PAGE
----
2.jpgMicrosoft has relaunched the Paint app with a push into 3D. The updated app allows users to turn photos into 3D “memories,” export three-dimensional creations from Minecraft, and turn mostly anything into an 3D object. The objects can also be used and viewed via the HoloLens. During the presentation there was an incredible amount of focus on VR and AR capabilities.

4.jpgMicrosoft is also venturing into VR in addition to its AR platform the HoloLens. The VR headsets will start selling at $299, though they will run on the same platform as the HoloLens. No date has been issued for the VR headsets release, although Microsoft has said that Acer, Asus, Dell, HP, and Lenovo will be making headsets.

5The creators update will have big changes to the Xbox. The Xbox app will have live broadcasting built into with the update. Players will be able to stream as a part of Xbox Live allowing players to follow Xbox Live friends. Comments and suggestions from viewers is also going to be integrated directly in-game. There is also going to be an update to its Arena platform allowing for custom tournaments and challenges. The update will also include Dolby Atmos audio support for the Xbox.

6.jpgMicrosoft is also focusing heavily on socializing and communicating with friends and family. Communicating with friends and family can be done directly in the task bar, which allow users to drag and drop content. This update will also include “taps” that let users send stickers of 3D objects.

 

Dexta Robotics’ exoskeleton hand the Dexmo

Dexta Robotics is developing next gen technology to allow users to interactive within VR worlds. The company working on an exoskeleton glove called the DexmoGaming.jpg

The technology enables users to interact and bridge the boundaries between VR and reality. It provides force feedback to simulate the action of touching objects in VR. The glove captures hand motion and enables the users to feel the shape, size, and stiffness of the virtual objects, according to the company site. The glove applies inverse force that mimics the objects that are being touched in VR. GraspingRubberDuck (2).JPG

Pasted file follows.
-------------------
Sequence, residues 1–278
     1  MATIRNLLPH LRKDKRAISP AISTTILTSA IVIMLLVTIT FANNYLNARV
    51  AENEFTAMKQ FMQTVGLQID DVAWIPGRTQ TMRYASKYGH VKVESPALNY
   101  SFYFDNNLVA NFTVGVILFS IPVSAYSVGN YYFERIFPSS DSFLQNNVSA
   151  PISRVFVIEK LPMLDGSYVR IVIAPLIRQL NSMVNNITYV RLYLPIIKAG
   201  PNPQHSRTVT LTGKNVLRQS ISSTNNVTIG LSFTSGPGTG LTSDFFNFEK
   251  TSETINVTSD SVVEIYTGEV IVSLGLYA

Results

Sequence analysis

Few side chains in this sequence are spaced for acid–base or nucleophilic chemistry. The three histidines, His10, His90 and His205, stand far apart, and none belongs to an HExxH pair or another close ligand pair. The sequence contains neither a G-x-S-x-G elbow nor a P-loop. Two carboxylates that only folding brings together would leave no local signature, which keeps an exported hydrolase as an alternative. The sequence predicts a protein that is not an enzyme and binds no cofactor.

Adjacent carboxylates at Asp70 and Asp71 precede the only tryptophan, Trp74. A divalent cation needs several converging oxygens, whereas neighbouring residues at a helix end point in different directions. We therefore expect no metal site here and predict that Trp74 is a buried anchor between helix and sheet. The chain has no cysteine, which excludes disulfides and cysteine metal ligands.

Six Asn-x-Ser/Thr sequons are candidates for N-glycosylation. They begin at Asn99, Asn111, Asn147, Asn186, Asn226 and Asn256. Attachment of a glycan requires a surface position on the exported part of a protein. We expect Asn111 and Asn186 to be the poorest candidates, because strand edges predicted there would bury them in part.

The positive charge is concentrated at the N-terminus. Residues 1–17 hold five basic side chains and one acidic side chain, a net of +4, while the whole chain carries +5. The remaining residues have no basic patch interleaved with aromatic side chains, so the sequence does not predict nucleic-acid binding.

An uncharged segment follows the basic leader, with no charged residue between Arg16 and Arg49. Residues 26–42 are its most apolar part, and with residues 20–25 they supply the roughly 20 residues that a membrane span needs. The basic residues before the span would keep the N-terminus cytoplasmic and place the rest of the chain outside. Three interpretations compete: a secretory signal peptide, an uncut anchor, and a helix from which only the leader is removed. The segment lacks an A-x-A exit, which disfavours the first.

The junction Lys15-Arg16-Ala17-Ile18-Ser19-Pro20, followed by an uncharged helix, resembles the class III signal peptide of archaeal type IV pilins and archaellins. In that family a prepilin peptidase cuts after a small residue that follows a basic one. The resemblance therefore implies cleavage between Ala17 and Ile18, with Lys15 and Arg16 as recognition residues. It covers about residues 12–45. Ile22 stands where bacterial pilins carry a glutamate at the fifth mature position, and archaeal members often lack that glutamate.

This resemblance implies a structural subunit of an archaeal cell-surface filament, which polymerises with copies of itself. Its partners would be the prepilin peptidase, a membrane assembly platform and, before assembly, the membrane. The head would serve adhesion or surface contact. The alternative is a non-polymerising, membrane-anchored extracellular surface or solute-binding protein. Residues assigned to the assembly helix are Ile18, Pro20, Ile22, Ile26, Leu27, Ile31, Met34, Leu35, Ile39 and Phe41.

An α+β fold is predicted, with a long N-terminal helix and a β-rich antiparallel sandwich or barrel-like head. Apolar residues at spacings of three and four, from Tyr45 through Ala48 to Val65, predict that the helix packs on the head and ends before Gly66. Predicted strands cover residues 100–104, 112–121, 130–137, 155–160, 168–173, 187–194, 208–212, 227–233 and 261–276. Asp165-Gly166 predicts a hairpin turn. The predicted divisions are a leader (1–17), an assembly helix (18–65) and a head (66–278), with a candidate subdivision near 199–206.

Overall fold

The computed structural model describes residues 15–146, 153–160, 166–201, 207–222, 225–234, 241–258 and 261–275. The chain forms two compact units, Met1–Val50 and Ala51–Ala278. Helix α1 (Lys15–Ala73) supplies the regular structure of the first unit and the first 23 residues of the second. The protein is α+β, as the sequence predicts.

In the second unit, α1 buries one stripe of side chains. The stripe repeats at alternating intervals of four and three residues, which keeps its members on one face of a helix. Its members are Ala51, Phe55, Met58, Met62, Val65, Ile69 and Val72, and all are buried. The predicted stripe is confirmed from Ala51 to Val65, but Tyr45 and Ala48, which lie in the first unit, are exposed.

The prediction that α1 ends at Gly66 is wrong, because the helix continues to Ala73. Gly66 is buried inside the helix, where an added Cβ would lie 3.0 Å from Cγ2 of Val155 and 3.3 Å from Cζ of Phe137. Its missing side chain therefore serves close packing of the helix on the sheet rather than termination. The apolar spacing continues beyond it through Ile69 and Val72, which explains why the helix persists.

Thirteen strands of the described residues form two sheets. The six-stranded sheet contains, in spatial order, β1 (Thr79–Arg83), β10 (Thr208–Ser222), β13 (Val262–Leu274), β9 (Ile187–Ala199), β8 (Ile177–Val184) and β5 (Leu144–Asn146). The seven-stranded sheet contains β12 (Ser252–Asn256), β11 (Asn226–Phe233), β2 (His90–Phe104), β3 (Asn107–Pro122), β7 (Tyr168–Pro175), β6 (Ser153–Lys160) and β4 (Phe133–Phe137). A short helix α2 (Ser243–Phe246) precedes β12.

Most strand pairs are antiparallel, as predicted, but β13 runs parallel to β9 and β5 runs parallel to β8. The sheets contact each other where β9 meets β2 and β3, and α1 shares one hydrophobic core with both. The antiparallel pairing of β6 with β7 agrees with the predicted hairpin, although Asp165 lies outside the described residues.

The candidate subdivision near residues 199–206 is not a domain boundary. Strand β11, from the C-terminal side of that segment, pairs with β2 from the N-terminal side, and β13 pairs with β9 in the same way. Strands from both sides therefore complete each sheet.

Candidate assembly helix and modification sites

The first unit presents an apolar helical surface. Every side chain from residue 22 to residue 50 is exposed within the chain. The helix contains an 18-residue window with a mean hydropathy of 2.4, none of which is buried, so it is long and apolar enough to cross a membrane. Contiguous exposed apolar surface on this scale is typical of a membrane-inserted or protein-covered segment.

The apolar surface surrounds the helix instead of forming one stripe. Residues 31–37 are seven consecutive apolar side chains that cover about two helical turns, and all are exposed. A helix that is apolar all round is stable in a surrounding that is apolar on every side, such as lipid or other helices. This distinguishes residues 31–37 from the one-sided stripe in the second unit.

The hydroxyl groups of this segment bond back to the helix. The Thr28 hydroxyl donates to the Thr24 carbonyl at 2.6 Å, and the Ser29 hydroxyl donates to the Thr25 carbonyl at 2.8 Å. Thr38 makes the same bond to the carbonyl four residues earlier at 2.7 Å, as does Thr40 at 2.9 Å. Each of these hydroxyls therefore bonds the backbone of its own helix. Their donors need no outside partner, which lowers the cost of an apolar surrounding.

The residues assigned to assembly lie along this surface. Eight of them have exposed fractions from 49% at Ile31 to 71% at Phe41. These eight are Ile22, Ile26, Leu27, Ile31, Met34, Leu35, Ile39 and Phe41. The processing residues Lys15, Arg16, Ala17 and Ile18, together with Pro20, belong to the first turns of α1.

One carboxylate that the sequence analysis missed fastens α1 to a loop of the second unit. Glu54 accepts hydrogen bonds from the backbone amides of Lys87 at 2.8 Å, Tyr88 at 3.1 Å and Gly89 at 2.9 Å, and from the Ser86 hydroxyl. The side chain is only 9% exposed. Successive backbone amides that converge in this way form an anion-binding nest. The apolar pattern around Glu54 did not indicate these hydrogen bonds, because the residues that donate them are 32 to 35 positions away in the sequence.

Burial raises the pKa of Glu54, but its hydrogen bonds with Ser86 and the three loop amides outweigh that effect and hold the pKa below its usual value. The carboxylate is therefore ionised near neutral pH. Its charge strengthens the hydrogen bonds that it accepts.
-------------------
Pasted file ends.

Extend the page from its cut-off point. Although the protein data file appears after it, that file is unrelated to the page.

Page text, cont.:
Whats amazing is that users can actually feel the difference between objects from solid objects to soft objects. Dexmo is currently using two Vive controller that are strapped to the users arm and is used for positional tracking.

The company has provided an SDK to allow developers to work with this technology and enhance it.

With the rise of VR and AR new technologies will begin to populate the market to allow users to fully experience these new realities. Its exciting to think what will be available in just two to five years.

Google Launches Project Blocks to teach kids to code

Google announced Project Bloks, an open hardware platform that allows developers to build their own devices and is aimed at helping kids learn to code.

From Googles Creative Lab Goldstein and Wilbert worked together with IDEO and Paulo Blikstein, the Director of Transformative Learning Technologies Lab at Stanford University to develop this project.